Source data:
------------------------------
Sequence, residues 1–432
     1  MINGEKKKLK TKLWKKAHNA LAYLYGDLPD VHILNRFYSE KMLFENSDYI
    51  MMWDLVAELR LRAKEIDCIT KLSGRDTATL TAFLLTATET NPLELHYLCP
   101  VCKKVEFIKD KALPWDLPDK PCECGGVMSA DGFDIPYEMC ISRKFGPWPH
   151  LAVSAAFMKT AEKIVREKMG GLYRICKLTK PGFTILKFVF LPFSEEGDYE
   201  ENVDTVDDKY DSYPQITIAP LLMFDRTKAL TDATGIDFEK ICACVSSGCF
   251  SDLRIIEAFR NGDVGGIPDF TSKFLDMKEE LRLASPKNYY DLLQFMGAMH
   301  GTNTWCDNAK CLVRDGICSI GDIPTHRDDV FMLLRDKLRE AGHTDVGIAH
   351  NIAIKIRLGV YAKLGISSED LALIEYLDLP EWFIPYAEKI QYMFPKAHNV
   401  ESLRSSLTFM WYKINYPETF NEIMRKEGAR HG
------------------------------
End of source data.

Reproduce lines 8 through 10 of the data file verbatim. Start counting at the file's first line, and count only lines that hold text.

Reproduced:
   301  GTNTWCDNAK CLVRDGICSI GDIPTHRDDV FMLLRDKLRE AGHTDVGIAH
   351  NIAIKIRLGV YAKLGISSED LALIEYLDLP EWFIPYAEKI QYMFPKAHNV
   401  ESLRSSLTFM WYKINYPETF NEIMRKEGAR HG